Global Bass Online March 2002
By Andy Long
The 1970's were the Glory Days for British rock bands.
Yes, Genesis, ELP, Deep Purple, Black Sabbath and others released armsful of classic albums, and relentlessly toured the globe with evermore lavish shows, whilst legends of on-the-road decadence followed in their wake.
But from 1968 to 1980 one band reigned supreme on the Mount Olympus of Rock Gods. A band that released nine studio albums, all but the first of which made the number one slot in the UK album charts. A band that also starred in a classic movie based around their life on the road. A band that undertook an amazing twenty-six tours. That band was Led Zeppelin.
After the untimely death of drummer John Bonham the three remaining members of the band decided to call it a day and each went about pursuing their own musical careers. While guitarist Jimmy Page and vocalist Robert Plant have often been in the public eye since that time, with solo albums and collaborations, bassist and multi-instrumentalist John Paul Jones preferred to immerse himself in the less public world of production and soundtracks.
All that changed in 1999 when Jones released his first solo album, 'Zooma' on the Discipline label and soon was touring the material with a new band. Now, in 2002, the follow-up album,'The Thunderthief', has just been released. Jones has once again been touring, this time opening up for King Crimson on their recent tour of the States.
I spoke to John recently, beginning our conversation by asking how that tour had gone.
'The tour was very good, the set was a bit short. We only had an hour each evening, but when you're opening up... It was nice because the King Crimson audience are a very receptive, open-minded lot. They gave us a good chance, because we're quite different from King Crimson. It was quite an extensive tour, about twenty-five cities, we were out for six weeks.'
John told me that he really wanted to tour in the U.K and Europe to promote 'The Thunderthief', but at the moment there were no definite dates, (so watch this space!)
John's work since 1980 has included production credits for Ben E. King, The Mission, Jacinda Jones, The Butthole Surfers and others. As well as doing some teaching and a lot of arranging and film score work. I wondered what it was that made John decide to put out his own album after such a long break from that side of the business.
'I suppose I had been pretty busy doing everything in music except playing live and then I did an album with Diamanda Galas in '94 called "The Sporting Life". It was a collaborative album, then we took it on the road. Went out on tour and I got the bug for it again. So "Zooma", the first album, was really a response to the question "If I go out on tour what on Earth am I going to play?". I had to give myself some material and that was really the cause of it all, it's all Diamanda'sfault!' he laughed.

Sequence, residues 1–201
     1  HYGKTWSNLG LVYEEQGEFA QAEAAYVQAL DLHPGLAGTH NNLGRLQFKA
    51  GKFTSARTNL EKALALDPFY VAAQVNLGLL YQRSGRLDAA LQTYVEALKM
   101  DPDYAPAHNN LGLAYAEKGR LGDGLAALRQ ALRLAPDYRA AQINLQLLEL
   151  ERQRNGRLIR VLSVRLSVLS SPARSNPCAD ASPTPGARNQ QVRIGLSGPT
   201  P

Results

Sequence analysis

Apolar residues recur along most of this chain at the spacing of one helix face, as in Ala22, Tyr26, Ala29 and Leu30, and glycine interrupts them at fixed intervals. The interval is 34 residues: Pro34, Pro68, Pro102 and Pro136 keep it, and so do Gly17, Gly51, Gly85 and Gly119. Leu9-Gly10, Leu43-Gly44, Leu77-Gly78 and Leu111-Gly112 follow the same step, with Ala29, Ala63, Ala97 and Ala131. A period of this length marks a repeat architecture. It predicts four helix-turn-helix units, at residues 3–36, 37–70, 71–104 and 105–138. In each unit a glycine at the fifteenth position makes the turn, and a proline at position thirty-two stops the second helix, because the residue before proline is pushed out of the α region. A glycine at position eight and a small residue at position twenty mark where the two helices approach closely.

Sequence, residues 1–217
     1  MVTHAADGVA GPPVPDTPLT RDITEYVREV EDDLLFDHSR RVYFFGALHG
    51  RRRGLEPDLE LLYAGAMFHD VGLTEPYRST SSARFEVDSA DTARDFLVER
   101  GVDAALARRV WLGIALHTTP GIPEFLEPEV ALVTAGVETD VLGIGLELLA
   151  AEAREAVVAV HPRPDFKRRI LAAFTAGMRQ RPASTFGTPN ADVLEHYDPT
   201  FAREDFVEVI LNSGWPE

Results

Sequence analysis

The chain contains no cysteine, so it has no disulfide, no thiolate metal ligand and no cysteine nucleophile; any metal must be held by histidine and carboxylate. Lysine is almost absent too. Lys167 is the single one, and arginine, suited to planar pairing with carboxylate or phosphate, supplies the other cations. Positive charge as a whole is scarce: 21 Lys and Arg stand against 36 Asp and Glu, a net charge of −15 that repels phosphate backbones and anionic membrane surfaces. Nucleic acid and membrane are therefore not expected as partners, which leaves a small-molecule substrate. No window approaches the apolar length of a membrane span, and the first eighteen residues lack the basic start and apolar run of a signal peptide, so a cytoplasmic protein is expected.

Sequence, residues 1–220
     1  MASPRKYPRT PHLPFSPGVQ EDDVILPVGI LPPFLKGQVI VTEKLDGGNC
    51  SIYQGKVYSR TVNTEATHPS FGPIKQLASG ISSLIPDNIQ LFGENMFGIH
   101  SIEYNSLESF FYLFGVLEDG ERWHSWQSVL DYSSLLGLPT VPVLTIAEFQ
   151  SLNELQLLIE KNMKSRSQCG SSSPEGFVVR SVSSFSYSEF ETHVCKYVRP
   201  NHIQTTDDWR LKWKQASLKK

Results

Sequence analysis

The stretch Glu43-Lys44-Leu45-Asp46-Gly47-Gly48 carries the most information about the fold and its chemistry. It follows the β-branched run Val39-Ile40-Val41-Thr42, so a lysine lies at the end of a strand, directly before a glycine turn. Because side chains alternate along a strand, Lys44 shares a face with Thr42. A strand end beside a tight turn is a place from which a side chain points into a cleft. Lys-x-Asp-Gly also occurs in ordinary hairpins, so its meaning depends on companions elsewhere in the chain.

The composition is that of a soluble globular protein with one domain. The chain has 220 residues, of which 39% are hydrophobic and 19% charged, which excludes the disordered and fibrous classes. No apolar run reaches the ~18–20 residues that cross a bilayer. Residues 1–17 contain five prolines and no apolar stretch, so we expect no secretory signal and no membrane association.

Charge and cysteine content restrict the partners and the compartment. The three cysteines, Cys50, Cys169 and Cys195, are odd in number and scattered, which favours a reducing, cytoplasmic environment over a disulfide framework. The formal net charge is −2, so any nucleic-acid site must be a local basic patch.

Both solo albums have been on the Discipline label, a company headed up by King Crimson's Robert Fripp. I asked John whether they had worked together in the past.
'No I hadn't met him before actually. We were looking round for a home I suppose and we didn't have much luck with the majors,'he explained. 'Robert and I shared managers at one point... I asked what Robert was doing. He said that Robert had this record company and it had this great ethic, you know, where the artist had total artistic control...and they retained ownership of their music, which is pretty rare in the music industry and there were no contracts, which is also nice. I just liked the whole idea, it's very artist friendly, not artist-hostile or even artist-dangerous, like some places!'
I suggested to John that 'Zooma' was exactly the sort of riff-laden album that Zeppelin fans would lap up and that the new album had a much wider spectrum of sounds and explored different musicalavenues. He wasn't too sure about my pigeon-holing of the first album.
'Well, I thought I explored different avenues on the first one as well. It was just a continuation of that, I didn't want to remake that album. What I was going to do in fact was to hav ethe heavy bass lines, but then have melodies and counter-melodies over the top. I did a few of those and then I just changed my mind and decided to start adding vocals.
The album has four tracks in which John takes the lead vocal, so was this a new venture for him? 'I've done some vocals before, I did a soundtrack album "Scream For Help" in the mid '80's. I sang a couple of songs on that, although I don't think anyone noticed, which is alright really! Sort of secret vocalising.'
One of my favourite tracks on 'The Thunderthief' is a wonderful punk rock pastiche called 'Angry, Angry', in which John expresses his pent-up anger in a very English fashion, using humorous colloquialisms. John told me that these were the first lyrics he'd written for some years. He also wrote lyrics for 'Freedom Song', a folky melody, played on mandolin, yet the lyrics have a very contemporary flavour to them.